Don Sorensen, 79, said he’s also had trouble getting access to doctors at the hospital in Albert Lea. He said began to suffer from severe knee pain in November, but couldn’t get an appointment. His wife was put on hold for 40 minutes before learning the earliest appointment was still several days away.

At the suggestion of his RV repairman, Sorensen called a clinic in Minneapolis and got an appointment the same day. His wife, Eleanor, drove him, and he ended up with a brace, a prescription, and another follow up appointment.

But the couple is worried about continuing to make the drive if the logjam persists in Albert Lea. “We used to feel secure because we had Mayo here,” Eleanor Sorensen said. “We could get the care we needed. But now everybody our age feels very very vulnerable.”

 

 

MedPAC votes 14-2 to junk MIPS, providers angered

http://www.modernhealthcare.com/article/20180111/NEWS/180119963

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The Medicare Payment Advisory Commission voted 14-2 to repeal and replace a Medicare payment system that aims to improve the quality of patient care. Providers immediately slammed the move.

To avoid penalties under MACRA, physicians must follow one of two payment tracks: the Merit-based Incentive Payment System, or MIPS, or advanced alternative payment models like accountable care organizations.

On Thursday, the Commission voted to asks Congress to eliminate MIPS and establish a new voluntary value program in which clinicians join a group and are compared to each other on the quality of care for patients. Physicians who perform well would receive an incentive payment. The suggestion will be published in the advisory group’s annual March report to Congress.

MedPAC wants to junk MIPS because it believes the system is too burdensomefor physicians and won’t push them to improve care. Members have criticized the program’s design for primarily measuring how doctors perform, including whether they ordered appropriate tests or followed general clinical guidelines, rather than if patient care was ultimately improved by that provider’s actions.

The CMS estimates that up to 418,000 physicians will be submitting 2017 MIPS data.

Prior to the vote, the majority of the debate centered on whether or not MedPac had developed an adequate replacement for MIPS.

David Nerenz, one of the no votes, said he was against the replacement because he worried that only providers with healthy patients would ban together, while those with high risk patients would face difficulty finding anyone to partner with.

He also said evidence was lacking that the group reporting approach would be an effective way to hold providers accountable for quality.

Dr. Alice Coombs, a commissioner and critical-care specialist at Milton Hospital and South Shore Hospital in Weymouth, Mass., was the other no vote. She said she was against getting rid of MIPS as providers are just now getting used to it. Those concerns increased when MedPac staff noted that MIPS repeal likely wouldn’t take place until 2019 or 2020 depending when or if Congress accepted its recommendation.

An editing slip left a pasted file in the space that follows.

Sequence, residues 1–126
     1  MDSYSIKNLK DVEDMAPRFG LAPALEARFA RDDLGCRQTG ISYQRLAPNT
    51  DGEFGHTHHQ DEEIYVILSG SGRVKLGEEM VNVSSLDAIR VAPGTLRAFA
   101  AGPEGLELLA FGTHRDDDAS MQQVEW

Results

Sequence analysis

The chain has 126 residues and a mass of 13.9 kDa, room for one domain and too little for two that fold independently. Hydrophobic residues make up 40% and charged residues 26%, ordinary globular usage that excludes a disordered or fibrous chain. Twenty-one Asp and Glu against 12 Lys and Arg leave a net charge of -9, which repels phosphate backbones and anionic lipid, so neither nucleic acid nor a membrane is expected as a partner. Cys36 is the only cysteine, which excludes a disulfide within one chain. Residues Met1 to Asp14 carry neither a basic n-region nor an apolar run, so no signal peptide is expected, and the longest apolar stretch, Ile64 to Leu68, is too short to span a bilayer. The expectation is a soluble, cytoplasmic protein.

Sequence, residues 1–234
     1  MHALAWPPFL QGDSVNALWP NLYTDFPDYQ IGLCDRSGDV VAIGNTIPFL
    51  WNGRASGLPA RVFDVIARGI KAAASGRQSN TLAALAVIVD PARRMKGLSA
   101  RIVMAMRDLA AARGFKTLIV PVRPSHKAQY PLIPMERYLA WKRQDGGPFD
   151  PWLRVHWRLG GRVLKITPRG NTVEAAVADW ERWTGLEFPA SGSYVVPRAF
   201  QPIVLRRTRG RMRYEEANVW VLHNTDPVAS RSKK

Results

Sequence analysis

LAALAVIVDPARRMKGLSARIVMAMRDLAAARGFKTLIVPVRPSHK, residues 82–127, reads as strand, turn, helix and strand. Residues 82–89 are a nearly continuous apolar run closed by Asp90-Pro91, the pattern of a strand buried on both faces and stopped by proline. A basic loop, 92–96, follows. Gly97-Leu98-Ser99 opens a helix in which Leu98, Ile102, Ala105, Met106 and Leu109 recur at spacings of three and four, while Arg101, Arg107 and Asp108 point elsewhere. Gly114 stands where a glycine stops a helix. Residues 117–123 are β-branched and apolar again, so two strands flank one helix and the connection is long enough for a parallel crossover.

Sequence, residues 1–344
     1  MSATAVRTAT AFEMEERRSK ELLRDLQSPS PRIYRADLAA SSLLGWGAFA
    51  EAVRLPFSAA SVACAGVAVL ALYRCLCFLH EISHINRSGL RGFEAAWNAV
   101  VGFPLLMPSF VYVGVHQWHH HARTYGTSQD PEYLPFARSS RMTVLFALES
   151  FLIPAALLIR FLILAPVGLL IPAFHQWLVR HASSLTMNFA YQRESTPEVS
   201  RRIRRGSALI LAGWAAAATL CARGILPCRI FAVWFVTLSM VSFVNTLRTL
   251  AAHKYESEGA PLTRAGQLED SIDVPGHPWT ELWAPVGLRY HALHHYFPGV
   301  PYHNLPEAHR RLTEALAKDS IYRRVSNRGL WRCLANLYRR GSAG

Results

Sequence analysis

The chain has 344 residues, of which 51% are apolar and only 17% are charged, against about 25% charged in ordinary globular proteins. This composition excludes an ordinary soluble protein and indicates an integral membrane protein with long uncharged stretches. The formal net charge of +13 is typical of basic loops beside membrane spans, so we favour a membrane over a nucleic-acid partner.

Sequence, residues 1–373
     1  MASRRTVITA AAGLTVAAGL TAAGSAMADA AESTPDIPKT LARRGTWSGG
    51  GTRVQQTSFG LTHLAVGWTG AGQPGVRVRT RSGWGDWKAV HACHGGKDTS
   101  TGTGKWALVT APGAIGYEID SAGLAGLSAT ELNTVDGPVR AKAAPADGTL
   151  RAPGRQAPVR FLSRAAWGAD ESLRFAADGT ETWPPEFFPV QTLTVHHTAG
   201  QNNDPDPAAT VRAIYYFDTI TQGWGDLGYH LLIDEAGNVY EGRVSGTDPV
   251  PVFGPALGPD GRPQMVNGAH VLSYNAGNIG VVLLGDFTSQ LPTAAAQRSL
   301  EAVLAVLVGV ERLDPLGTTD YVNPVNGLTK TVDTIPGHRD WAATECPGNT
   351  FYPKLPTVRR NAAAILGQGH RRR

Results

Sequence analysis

Warner Thomas, a commissioner and CEO of the Ochsner Health System in New Orleans, LA voted yes, but said he did so with some trepidation as MedPac had not received comments from industry that they were supportive of what the Commission was doing in terms of repealing and replacing MIPS.

“There hasn’t been any support from the physician community around this, and we should be cautioned by that fact,” Thomas said.

Clinicians and providers criticized MedPac following the vote.

“I think they’re wrong,” Dr. Stephen Epstein, an emergency physician at Beth Israel Deaconess Medical Center in Boston said in a tweet. “MIPS could change practice patterns by aligning incentives with performance measures.”

The Medical Group Management Association said it did not support the Commission’s suggestion for a replacement to MIPS.

“It would conscript physician groups into virtual groups and evaluate them on broad claims-based measures which is inconsistent with the congressional intent in MACRA to put physicians in the driver seat of Medicare’s transition from volume to value,” Anders Gilberg, senior vice president of government affairs at MGMA said in a statement.

 

Uwe Reinhardt: Giant, mensch, knife twister

https://theincidentaleconomist.com/wordpress/uwe-reinhardt-giant-mensch-knife-twister/

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The renowned Princeton University health economist Uwe Reinhardt died today. The email from his Dean at the Woodrow Wilson school said he passed peacefully and surrounded by family.

Reactions on Twitter resonate with my own. They reflect Uwe’s contributions to and presence in health care policy and education — “insightful, “a treasure,” focused on the “moral underpinnings of policy,” “one of the nicest and funniest people in the field of health econ,” “a godfather of health policy and economics,” “a unique and disarmingly powerful voice in health policy,” a “world-class mensch,” “a gifted teacher and inspiring leader,” one of the “most acerbic speakers in Health Care over the last 20+ years. Never afraid to speak truth to power,” “engaging and understandable,” “a giant.”

I once called him “the narrator of U.S. health care policy.” Any journalist who could get hold of him for a health care story was sure to get pure gold. His wit and precision were evident in his spoken and written word. His command of English was tremendous. His ability to explain to lay audiences, legendary. If you’re unfamiliar, go read anything he wrote for The New York Times Economix blog, where he posted regularly for years. He can teach. You will learn.